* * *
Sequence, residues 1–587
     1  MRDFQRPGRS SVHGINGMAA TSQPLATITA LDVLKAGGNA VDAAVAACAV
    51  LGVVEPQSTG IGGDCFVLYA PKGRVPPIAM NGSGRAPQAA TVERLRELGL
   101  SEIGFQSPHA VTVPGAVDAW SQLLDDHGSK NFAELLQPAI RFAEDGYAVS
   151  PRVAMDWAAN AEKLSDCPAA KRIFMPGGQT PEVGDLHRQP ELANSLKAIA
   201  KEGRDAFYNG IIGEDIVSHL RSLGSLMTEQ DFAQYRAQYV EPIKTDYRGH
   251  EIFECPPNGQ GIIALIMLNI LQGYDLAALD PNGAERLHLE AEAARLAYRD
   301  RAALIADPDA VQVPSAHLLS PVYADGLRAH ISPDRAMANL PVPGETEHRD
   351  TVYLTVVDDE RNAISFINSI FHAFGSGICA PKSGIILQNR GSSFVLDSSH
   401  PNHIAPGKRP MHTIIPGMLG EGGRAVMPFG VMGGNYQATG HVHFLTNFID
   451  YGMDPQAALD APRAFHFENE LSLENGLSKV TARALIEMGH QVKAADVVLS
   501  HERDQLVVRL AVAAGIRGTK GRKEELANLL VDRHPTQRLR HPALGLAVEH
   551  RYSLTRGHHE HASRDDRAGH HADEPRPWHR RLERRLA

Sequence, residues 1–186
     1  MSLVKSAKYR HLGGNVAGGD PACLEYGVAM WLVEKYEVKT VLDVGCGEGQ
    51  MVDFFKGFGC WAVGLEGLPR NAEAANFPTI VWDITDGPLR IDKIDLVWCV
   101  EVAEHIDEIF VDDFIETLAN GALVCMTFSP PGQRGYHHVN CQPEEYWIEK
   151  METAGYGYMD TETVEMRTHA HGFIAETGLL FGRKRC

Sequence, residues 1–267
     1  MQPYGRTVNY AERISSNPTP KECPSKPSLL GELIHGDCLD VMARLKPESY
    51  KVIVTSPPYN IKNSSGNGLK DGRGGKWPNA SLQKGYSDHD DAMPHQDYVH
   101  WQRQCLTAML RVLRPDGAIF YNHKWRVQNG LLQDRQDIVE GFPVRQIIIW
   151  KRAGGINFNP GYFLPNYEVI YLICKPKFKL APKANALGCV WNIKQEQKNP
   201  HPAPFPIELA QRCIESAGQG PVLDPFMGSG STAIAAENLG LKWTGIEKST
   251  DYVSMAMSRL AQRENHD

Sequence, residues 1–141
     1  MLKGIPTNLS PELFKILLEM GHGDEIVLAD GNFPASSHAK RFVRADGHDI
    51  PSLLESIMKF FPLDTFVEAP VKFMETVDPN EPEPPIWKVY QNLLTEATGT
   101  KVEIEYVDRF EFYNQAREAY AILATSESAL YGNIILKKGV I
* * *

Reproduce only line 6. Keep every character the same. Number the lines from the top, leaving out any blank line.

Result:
   201  KEGRDAFYNG IIGEDIVSHL RSLGSLMTEQ DFAQYRAQYV EPIKTDYRGH